One such issue is that large sums of money do not find their way to the projects for which they are intended. This is a matter of concern. The other issue is non-involvement of the people in development efforts and lack of community participation. I shall revert to this point later.
Last, but not the least, is the issue of insurgency and extortion. The Union Government has been assisting insurgency-affected States with paramilitary forces and by reimbursing security-related expenditure. But this cannot compensate for the terrible price extracted by insurgents and extortionists at the expense of the region's development or the fear psychosis created by them among the people.
During the conference, I look forward to a purposeful discussion on the issue of insurgency and its socio-economic impact, apart from the manner in which it has affected law and order in these States.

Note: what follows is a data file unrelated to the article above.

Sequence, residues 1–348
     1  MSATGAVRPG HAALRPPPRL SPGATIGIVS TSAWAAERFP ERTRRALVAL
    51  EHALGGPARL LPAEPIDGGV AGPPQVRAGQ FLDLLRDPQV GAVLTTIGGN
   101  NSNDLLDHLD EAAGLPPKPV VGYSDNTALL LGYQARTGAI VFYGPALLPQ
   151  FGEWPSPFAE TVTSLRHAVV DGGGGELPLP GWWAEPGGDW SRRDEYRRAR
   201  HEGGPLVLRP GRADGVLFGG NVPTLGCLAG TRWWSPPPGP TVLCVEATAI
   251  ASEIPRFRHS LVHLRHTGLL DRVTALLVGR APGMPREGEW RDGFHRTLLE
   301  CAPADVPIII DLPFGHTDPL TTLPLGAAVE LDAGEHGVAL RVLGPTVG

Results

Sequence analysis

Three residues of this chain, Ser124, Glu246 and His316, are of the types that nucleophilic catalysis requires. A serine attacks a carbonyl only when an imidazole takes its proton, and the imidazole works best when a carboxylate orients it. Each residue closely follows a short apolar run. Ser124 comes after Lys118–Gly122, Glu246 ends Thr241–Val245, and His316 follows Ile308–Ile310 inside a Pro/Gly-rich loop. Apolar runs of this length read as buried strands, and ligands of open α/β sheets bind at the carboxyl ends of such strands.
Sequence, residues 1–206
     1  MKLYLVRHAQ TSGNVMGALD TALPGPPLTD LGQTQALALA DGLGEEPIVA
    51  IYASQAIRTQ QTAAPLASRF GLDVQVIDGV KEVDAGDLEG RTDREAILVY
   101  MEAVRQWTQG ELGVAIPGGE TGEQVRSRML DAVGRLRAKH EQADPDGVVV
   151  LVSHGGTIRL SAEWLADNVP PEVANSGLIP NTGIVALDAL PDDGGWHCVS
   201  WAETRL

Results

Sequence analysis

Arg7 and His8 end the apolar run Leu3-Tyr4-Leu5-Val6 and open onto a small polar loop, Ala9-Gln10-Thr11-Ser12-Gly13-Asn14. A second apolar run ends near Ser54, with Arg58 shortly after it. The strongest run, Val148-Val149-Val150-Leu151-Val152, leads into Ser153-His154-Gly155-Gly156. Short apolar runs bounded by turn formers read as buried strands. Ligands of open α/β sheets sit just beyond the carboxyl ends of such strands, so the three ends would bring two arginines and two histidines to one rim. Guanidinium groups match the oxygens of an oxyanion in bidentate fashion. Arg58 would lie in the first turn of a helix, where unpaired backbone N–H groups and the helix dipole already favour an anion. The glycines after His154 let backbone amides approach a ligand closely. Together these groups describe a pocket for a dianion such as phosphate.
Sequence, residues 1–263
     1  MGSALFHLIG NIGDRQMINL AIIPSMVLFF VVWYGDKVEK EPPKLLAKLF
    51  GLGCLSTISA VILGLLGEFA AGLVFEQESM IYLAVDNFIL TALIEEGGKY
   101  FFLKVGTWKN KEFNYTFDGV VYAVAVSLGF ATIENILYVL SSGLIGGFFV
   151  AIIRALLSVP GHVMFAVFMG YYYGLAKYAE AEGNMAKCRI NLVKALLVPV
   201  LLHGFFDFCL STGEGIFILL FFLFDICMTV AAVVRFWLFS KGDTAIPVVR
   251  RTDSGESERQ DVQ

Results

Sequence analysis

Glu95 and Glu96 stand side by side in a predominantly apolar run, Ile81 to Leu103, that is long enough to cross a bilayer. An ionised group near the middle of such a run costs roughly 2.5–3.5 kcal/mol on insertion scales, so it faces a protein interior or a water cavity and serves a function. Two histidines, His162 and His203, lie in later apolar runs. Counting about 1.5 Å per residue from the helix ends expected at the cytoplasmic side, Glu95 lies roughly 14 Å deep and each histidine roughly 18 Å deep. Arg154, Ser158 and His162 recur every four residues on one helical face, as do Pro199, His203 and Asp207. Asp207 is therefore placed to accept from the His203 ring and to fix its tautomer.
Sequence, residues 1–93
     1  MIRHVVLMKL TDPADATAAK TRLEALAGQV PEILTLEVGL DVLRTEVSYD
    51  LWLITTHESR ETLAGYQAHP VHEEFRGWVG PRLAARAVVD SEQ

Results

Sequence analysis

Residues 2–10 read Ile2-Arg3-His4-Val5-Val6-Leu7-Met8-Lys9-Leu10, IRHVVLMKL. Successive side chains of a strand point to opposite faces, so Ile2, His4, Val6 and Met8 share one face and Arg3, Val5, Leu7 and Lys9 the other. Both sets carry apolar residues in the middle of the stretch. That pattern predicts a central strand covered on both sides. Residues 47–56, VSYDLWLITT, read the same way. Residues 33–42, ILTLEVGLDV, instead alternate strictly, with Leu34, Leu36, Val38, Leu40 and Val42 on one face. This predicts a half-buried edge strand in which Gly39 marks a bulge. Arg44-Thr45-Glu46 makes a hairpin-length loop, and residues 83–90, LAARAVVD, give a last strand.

If we were to take broad overview of the areas in which the North Eastern States are lacking insofar as development is concerned, we would find that they are absence of physical infrastructure, inadequate skilled manpower and insufficient enterprise.
We need to collectively focus our attention on these areas so that today's weakness can be converted into tomorrow's strength. Given the high literacy base of the North Eastern States - I congratulate the people for investing in education - these challenges can be easily overcome.
Human and physical infrastructure development apart, the State Governments of the North Eastern region and Sikkim need to further improve their management of finances so that they can reduce the gap between their non-Plan revenue expenditure and revenue resources. I would, however, like to commend some State Governments of this region for their prudent fiscal discipline.
Friends, I would like to stress that effective governance is essential for economic development. In order to be effective, the State Governments represented here have to ensure time-bound implementation of projects and transparency in their functioning. This is necessary for people to repose trust in their elected representatives.